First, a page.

Prosecutors’ approach to unauthorized disclosures of government secrets has undergone a sea change in the 21st century.
By Charlie Savage
WASHINGTON — Government leak hunters have been ratcheting up pressure on the ability of journalists to do their jobs for a generation — a push fueled by changing technology and fraught national-security issues that arose after the Sept. 11, 2001, attacks. Now, those tensions have reached an inflection point.
Recent disclosures about aggressive steps that the Justice Department secretly took under President Donald J. Trump while hunting for the confidential sources of reporters — at The New York Times, CNN and The Washington Post — prompted a backlash from the top. President Biden ordered prosecutors to stop seizing reporters’ phone and email data.
But Mr. Biden’s sweeping vow to ban a practice he called “simply, simply wrong” left crucial questions unanswered. Among them: How broadly prosecutors will define the journalistic activities that the new protections apply to? And will the changes be easy or difficult for a future administration to roll back?
“The question of how this will be institutionalized or codified is crucial,” said Jameel Jaffer, the director of the Knight First Amendment Institute at Columbia University. “These kinds of protections shouldn’t be a matter of executive grace.”
Enshrined in the First Amendment, the role of the free press in bringing to light information beyond what those in power approve for release is a foundational principle of the American system of self-government. In Senate testimony this past week, Attorney General Merrick B. Garland said the transparency that comes from investigative journalism about “wrongdoing and error in the government” gives people faith in democracy.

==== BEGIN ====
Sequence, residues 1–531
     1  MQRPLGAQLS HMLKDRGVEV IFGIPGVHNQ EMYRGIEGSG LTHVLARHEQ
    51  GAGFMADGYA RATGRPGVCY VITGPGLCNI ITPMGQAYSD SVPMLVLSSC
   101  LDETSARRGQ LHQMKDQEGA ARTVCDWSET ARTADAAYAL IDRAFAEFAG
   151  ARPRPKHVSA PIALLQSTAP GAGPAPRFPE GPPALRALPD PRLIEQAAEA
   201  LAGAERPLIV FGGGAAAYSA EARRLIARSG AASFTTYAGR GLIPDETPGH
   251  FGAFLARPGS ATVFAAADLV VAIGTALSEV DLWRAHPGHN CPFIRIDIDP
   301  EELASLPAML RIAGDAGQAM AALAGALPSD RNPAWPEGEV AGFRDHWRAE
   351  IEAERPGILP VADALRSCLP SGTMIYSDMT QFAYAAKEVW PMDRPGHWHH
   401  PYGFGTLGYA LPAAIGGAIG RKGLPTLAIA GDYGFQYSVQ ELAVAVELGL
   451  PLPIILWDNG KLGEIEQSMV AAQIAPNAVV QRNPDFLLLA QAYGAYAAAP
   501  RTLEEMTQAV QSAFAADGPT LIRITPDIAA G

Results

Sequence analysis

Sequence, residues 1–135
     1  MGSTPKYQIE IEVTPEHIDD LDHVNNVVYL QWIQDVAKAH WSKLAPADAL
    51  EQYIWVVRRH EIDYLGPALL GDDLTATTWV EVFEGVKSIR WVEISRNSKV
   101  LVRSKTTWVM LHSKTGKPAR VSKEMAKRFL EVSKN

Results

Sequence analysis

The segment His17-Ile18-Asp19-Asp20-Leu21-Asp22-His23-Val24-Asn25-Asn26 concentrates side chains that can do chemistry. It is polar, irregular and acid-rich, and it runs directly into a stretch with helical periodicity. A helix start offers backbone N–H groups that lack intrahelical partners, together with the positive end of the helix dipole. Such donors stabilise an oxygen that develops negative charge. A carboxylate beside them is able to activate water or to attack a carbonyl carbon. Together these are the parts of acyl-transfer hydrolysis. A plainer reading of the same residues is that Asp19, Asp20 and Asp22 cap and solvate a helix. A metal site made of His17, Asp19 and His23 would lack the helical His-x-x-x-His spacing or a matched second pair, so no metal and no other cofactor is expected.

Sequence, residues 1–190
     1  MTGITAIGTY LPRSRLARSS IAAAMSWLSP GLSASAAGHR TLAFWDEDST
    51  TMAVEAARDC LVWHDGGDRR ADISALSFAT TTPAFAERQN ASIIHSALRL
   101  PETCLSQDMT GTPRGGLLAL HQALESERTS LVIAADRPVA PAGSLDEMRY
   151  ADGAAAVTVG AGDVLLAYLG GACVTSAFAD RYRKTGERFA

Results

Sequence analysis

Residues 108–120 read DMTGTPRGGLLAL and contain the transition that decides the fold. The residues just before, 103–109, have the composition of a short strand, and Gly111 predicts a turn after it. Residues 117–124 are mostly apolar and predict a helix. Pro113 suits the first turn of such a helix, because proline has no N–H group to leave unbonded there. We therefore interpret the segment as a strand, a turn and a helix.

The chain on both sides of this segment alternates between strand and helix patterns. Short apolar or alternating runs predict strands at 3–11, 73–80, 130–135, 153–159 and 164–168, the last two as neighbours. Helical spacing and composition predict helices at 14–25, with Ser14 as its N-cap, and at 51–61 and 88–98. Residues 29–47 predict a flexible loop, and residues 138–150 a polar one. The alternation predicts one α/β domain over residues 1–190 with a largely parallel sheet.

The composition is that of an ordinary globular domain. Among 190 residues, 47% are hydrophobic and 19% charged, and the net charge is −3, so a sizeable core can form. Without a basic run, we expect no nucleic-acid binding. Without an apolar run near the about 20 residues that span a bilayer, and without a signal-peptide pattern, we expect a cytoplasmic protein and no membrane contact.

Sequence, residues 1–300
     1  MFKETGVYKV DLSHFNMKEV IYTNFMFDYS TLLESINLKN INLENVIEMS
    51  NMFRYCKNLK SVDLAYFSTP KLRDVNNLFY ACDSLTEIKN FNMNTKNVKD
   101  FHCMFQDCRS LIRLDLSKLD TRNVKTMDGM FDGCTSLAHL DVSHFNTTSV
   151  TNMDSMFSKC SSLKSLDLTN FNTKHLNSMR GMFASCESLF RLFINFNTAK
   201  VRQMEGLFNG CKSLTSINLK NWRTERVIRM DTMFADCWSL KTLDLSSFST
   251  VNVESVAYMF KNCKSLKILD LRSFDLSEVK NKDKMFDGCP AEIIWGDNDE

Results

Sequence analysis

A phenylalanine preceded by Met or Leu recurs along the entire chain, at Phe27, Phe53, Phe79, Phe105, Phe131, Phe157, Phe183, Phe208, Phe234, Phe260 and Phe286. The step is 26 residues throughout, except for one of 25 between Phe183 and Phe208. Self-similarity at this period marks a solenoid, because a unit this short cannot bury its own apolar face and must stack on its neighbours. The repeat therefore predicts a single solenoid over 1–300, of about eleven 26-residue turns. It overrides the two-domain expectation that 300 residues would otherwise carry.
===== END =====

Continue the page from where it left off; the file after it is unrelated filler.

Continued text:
An essential task for journalists who report such material is to talk with officials who are not authorized to publicly speak about government matters and to protect their confidentiality. Leak prosecutions and seizures of journalists’ communications data not only jeopardizes particular sources, but can also frighten others with newsworthy information into staying silent.
But the confluence of recent events — which also include the Trump-era targeting of Democratic lawmakers and aides suspected of being reporters’ sources, and extraordinary gag orders imposed on Times and CNN executives in fights over data that spilled into the Biden era, all of which an inspector general is investigating — has brought into focus how fragile the protections for journalism are in the 21st century.
Mr. Biden has vowed a major course correction. Mr. Garland, who as a federal appeals court judge in 2005 stressed “the public interest in protecting” reporters’ sources to avoid chilling the disclosure of information with “importance to the public,” has signed onto that effort while acknowledging this past week that “there are some definitional questions, but I think they are quite resolvable.”
The unresolved details are expected to be a focus of a meeting on Monday between Mr. Garland and leaders of The Times, The Post and CNN.
One issue is whether Mr. Garland will replace a Justice Department regulation that permits seizures of reporters’ information that can reveal their sources in leak investigations under certain conditions — or leave it intact and simply ban that technique for the time being.
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